An anaemic, abstract painting. The words trailed through it, almost cutting it in half: If it wasn’t for bad luck, I’d have no luck at all. And the shark mobile above her head, dangling from the ceiling, its mouth crammed with huge, sharp teeth. When he’d cranked back the chair the last time, she was horizontal. This time, she was only cranked back half way, which she thought must be some new dental discovery, or more likely easier for him.

It was the two things together that had made it feel particularly strange, that day. The painting and its portents of doom and the shark that had trembled in the breeze from the open window.

He had seemed ten years older – it had only been two years since her last appointment. Hardly any preliminaries, he’d loomed above her after she had explained the tenderness on the left side of her mouth. Up close he looked like another person, another dentist had set up shop and passed himself off as Philip Scott.

The shark, leering as his assistant sucked the extra juice out of her mouth, lazily trolling the vacuum pipe over her tongue. Her eyes, heavily mascaraed above the pink, surgical mask.

She would have liked more preliminaries: How are you? How’s it been going? But she realised it was just her need to feel special – a state that had been getting away from her of late – the way you felt as a child, that you were important, and the midlife realisation that you only meant something to a small number of people, which kept shrinking.

That kind of unquestioned certainty was fading, and perhaps that was the way it should be. It would be hard, that wrench from life, better to fade, day by day. The slow letting go of a rope, then your own small boat is cast adrift, after the large one has honked its last foghorn, puffed its lone puff of smoke then gone.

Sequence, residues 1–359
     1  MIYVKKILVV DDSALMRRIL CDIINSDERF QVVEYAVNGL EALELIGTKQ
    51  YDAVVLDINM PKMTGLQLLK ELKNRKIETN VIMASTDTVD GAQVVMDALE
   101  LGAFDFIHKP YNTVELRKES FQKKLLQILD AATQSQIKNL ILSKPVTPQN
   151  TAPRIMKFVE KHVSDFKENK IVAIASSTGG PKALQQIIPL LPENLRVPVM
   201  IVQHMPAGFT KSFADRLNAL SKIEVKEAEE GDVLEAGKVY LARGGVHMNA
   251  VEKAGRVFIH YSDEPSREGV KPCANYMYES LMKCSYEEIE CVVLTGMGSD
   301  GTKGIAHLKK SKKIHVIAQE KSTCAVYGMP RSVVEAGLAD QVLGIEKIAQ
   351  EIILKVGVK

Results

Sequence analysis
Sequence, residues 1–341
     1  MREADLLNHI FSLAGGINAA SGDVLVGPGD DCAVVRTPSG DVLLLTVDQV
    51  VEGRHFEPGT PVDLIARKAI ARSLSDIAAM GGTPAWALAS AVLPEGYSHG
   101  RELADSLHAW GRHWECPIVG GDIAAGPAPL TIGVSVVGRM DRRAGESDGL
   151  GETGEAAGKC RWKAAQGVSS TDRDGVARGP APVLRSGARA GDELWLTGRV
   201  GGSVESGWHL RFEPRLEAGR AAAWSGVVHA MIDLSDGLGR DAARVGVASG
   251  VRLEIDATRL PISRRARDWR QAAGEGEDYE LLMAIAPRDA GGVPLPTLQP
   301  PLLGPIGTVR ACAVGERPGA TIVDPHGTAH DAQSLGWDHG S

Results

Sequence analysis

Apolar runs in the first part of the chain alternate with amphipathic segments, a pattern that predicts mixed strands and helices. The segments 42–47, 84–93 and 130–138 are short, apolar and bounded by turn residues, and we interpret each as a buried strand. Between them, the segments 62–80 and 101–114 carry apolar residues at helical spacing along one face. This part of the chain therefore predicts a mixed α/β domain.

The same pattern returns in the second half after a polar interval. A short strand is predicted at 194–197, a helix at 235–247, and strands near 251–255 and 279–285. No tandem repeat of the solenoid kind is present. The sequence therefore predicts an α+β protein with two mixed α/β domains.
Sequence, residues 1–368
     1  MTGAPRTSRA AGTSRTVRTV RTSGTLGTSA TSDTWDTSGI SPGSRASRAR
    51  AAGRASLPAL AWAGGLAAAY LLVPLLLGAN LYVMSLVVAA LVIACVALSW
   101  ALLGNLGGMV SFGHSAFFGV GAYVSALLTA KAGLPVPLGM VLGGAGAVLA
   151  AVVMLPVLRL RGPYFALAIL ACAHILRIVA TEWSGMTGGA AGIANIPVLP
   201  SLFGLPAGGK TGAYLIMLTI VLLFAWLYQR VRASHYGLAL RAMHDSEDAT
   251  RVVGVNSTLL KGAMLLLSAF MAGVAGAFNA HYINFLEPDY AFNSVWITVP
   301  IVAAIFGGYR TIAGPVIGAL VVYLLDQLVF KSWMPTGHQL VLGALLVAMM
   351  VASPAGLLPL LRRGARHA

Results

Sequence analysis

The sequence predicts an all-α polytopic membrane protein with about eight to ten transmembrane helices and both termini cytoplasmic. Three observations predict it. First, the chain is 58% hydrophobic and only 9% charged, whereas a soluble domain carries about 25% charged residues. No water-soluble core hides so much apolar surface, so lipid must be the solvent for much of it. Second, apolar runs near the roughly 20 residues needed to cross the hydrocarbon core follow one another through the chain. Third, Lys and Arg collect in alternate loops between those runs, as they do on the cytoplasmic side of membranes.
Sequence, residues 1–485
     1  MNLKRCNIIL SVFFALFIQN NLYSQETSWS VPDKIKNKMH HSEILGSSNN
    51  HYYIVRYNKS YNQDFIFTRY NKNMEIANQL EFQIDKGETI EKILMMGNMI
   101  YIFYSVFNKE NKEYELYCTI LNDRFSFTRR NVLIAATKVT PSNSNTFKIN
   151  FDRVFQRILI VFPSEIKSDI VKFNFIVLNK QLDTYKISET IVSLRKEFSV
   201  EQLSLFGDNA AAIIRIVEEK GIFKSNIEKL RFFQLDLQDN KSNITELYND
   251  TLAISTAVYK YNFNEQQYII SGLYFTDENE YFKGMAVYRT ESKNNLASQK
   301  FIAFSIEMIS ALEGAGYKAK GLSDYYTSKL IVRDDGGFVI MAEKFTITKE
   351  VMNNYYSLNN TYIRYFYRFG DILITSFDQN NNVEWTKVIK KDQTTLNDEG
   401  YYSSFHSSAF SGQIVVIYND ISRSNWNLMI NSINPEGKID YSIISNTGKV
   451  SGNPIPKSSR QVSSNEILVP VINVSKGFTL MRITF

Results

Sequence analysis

She thought about David Bowie, an interview she’d read in the waiting room. For years they had described him as a chameleon, but he said he’d always felt bemused at being called ‘the chameleon of rock’. Doesn’t a chameleon exert tremendous energy to become indistinguishable from its environment?

He had also said: Trust nothing but your own experience.

And she thought the trip to the dentist had seemed so psychedelic because her world was so small now. The arc she scribed. Chemo. Radiation therapy. The jellied, bouncy walls of the castle I live in.

“It’s a baby tooth, so it could feel sensitive. I’ve put some gel in to protect it… You have three baby teeth. Perhaps you are some new evolutionary marvel,” he’d laughed.

Or did she just hold onto things too long?

A velvet shark, with yellow teeth made out of felt. It could have been nasty or nice, his reasons for having it hanging there. She supposed it swung from one to the other each day.

CategoryFlash Fiction

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